Casting teen dream Matt Dillon as a junkie going straight sounds like one of those noxious notions dreamed up by a politician for yet another Just Say No campaign. Admirable causes usually make for deadly moviemaking. The film's beginning suggests this is no exception. Dillon's Bob Hughes, shot by a kid pusher, is near death. Bob narrates the story in a long flashback, waxing poetic about his days of robbing drugstores for a fix. Hearing Dillon's thick tongue trip over such twisters as "the rosy hue of unlimited success" filled me with dread. Later, director Gus Van Sant, who did the fine independent film Mala Noche, attempts to visualize a drug-induced fantasy by showing falling snowflakes and flying hats.
By a sheer act of will I stayed in my seat. I'm glad I did. Drugstore Cowboy improves. Not much, but in provocative ways. Van Sant gets at something most addict movies avoid: the very real attraction of drugs. For Bob, his wife, Dianne (Kelly Lynch), their pal Rick (James Le Gros) and Rick's teen girlfriend Nadine (Heather Graham), the needle offers an escape from a dead-end existence. The complex how-tos of stealing dope give Bob and his crew an exhilarating sense of purpose. Set in Oregon in the early Seventies, the script, by Van Sant and Daniel Yost, has been adapted from an unpublished novel by convict James Fogle.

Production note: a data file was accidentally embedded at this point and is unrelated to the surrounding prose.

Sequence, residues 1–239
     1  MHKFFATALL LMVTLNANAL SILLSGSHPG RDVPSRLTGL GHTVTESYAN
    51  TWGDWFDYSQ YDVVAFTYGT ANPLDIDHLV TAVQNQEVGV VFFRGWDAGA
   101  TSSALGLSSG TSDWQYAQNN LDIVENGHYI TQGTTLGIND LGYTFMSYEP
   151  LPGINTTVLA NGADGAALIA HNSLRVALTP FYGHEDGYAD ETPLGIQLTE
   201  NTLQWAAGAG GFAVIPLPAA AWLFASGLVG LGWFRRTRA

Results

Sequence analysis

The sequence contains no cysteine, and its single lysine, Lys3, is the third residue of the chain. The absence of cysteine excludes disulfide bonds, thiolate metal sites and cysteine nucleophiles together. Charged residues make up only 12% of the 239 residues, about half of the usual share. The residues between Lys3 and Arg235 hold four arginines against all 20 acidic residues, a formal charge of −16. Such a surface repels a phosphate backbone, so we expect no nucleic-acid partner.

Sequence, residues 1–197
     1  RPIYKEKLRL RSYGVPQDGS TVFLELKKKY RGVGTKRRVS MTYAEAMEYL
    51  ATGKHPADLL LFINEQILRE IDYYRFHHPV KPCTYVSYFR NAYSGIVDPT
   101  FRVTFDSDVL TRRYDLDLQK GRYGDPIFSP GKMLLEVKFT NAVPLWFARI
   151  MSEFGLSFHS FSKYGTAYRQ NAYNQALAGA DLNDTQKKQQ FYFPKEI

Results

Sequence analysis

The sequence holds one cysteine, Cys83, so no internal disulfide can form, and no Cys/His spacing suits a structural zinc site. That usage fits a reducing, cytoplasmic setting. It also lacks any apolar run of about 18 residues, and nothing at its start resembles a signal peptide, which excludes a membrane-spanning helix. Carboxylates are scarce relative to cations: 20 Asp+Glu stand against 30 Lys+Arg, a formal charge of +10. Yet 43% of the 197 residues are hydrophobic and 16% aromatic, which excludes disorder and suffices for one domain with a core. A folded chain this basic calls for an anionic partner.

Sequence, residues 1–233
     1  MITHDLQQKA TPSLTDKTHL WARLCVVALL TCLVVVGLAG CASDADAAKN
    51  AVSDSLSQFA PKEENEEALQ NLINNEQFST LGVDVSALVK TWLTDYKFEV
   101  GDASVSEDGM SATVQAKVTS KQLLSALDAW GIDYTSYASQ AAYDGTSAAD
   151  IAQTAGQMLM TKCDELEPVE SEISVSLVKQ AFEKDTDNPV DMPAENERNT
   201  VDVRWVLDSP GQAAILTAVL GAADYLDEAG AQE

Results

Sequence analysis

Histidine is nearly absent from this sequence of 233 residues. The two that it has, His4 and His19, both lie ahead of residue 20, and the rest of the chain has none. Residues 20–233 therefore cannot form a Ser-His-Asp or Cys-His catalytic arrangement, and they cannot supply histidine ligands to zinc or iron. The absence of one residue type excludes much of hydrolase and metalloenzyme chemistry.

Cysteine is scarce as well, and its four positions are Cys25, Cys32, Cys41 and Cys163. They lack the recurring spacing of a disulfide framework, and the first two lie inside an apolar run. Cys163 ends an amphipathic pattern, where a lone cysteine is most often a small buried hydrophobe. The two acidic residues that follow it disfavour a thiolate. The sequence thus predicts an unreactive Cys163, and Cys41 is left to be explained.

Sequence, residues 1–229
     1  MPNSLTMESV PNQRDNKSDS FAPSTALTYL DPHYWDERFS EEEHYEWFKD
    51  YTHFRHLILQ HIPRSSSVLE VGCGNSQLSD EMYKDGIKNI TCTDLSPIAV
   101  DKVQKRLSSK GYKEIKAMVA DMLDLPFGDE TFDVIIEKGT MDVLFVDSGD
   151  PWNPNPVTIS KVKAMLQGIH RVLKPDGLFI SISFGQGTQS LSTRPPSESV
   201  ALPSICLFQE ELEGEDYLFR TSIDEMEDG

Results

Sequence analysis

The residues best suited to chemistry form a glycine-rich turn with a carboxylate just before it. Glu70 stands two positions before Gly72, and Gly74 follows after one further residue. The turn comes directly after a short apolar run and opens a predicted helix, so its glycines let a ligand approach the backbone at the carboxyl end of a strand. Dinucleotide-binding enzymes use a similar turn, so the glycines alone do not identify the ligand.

When Nadine overdoses, Bob decides to withdraw from a world his wife won't leave. Dillon makes his reformation believable by not playing it righteously. You can feel his ache for the drug life. For once a movie, even one that lurches and stumbles, sees the war on drugs honestly by recognizing the enemy's power and allure. Let's hope it's a trend.